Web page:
Background: With the advent of minimally invasive techniques, laparoscopic Ladd's procedure is increasingly used to treat children with malrotation, yet evidence regarding its safety and efficacy is lacking. We hypothesize that operative and postoperative outcomes with the open technique are superior to the laparoscopic Ladd's procedure.

Methods: We conducted a 5-y retrospective chart review of all patients who underwent Ladd's procedure at our institution from 2010-2015. Exclusion of patients included those with concomitant conditions, such as poor gut perfusion, significant reflux, tracheoesophageal fistula, failure to thrive requiring concomitant gastrostomy, and biliary atresia. Kruskal-Wallis and Mann-Whitney tests were used where appropriate.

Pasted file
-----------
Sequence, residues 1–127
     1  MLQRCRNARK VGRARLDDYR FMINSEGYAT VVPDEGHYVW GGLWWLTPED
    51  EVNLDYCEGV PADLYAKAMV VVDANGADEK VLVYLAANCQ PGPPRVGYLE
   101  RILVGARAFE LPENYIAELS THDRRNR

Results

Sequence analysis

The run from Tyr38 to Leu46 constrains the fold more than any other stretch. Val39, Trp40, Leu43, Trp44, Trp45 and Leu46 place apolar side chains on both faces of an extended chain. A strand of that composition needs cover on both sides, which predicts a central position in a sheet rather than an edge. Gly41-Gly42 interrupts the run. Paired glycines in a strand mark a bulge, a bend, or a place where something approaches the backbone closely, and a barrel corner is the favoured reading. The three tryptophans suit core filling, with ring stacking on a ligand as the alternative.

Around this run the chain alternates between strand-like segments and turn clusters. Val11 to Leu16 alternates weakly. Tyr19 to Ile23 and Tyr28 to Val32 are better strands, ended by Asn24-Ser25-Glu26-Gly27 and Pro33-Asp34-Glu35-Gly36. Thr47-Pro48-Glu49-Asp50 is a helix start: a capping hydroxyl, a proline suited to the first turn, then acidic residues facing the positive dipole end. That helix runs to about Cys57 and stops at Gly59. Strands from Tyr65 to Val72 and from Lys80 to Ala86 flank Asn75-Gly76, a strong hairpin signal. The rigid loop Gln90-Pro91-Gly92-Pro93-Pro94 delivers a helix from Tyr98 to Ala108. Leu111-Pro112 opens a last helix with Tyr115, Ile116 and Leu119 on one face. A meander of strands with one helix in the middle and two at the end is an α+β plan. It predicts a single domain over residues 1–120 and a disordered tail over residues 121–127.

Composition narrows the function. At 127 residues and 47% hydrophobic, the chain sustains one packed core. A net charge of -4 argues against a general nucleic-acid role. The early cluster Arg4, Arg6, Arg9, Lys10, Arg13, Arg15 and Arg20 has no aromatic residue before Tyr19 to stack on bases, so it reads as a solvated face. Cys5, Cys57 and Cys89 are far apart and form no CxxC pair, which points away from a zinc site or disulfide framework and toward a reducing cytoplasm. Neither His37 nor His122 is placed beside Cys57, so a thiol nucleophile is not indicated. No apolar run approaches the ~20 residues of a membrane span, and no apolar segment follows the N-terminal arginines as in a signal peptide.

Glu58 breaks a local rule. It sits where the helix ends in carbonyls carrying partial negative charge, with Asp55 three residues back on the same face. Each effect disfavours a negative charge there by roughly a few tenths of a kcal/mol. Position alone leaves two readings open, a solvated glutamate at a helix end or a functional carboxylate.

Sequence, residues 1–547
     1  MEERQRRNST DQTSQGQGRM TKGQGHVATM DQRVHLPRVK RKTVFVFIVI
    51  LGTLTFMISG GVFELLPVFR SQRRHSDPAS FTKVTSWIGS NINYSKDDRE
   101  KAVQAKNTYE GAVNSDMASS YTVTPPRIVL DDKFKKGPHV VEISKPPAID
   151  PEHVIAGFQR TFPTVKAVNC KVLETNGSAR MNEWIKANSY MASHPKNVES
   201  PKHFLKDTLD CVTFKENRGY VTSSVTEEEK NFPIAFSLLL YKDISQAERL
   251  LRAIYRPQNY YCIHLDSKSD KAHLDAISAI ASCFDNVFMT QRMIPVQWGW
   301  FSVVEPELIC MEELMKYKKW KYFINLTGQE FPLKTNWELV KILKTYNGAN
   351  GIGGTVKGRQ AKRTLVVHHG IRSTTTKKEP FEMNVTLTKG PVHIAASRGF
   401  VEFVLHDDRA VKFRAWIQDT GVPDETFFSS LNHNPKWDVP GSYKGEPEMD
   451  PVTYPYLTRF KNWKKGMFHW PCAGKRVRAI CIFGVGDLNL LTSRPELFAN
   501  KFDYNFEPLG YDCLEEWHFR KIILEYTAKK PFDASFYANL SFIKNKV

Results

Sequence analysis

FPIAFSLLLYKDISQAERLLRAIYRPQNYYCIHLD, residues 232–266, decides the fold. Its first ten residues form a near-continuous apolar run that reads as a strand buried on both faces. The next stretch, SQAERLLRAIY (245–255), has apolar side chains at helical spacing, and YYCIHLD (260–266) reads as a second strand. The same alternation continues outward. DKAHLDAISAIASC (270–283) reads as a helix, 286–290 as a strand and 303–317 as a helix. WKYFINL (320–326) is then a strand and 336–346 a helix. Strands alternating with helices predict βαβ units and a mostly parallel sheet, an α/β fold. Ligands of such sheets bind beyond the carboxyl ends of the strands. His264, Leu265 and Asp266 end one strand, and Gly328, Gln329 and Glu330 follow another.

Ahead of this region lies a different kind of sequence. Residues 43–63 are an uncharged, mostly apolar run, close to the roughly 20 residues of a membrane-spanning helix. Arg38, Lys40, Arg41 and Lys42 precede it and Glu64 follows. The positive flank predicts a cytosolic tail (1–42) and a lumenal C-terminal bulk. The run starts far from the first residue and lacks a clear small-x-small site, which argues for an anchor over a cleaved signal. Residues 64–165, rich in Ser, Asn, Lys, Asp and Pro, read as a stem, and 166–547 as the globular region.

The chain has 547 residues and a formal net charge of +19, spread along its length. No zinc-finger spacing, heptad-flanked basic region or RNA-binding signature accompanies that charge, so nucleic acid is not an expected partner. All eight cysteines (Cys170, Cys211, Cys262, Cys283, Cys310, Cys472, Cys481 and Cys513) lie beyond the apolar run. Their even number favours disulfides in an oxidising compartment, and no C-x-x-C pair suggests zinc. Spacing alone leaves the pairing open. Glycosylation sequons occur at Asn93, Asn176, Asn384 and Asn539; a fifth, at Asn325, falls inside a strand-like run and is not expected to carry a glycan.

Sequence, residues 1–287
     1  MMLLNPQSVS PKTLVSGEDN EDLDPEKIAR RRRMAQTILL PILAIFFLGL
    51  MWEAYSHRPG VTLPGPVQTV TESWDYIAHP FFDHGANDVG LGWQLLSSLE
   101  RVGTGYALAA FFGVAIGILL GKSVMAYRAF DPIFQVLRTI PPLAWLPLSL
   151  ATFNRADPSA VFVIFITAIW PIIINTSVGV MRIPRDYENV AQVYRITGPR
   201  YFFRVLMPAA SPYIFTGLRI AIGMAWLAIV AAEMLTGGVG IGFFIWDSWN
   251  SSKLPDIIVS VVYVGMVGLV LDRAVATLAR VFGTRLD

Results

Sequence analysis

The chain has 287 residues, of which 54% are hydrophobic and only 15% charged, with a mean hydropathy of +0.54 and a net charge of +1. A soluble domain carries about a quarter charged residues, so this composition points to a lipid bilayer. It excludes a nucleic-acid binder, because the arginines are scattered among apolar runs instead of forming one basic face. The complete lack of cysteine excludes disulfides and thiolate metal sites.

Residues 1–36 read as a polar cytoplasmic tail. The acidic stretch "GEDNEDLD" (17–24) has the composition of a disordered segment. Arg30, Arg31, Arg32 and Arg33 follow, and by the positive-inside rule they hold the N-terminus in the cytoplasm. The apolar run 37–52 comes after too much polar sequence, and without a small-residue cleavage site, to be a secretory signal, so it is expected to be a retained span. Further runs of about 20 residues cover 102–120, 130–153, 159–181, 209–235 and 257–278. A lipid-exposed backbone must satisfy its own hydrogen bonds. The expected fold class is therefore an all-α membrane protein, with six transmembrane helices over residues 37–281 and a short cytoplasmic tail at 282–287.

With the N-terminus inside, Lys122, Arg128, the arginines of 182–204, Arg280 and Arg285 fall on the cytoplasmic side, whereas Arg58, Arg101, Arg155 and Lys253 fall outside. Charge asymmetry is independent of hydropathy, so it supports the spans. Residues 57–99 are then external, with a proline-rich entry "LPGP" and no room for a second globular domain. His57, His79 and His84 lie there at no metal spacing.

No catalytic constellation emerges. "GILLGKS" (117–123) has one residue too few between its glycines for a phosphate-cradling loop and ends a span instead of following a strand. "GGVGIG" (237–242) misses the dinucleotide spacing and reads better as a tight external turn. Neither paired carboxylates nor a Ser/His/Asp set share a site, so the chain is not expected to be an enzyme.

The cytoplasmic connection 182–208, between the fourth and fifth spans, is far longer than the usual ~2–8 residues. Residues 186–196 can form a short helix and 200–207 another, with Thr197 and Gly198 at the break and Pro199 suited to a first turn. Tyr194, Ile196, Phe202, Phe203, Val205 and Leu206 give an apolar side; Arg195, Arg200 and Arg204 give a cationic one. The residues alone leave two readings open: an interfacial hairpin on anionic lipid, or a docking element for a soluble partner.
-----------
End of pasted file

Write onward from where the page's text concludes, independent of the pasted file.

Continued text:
Results: Between 2010 and 2015, of 130 patients who underwent Ladd's procedure, 77 met inclusion criteria. Sixty-two patients underwent initial open surgery, 15 patients underwent laparoscopy, seven of which were converted to open. Patients undergoing open surgery were younger compared to the laparoscopic groups. Thirty-three of the 77 malrotation patients (43%) presented with volvulus, 27 underwent open surgery, four had laparoscopic converted to open procedures, and two patients underwent laparoscopic Ladd's without incident. Laparoscopy resulted in increased operative time and clinic visits. Patients undergoing laparoscopic to open surgery had longer operative times, time to resume diet, and length of hospital stay. No difference was noted in complications among the groups.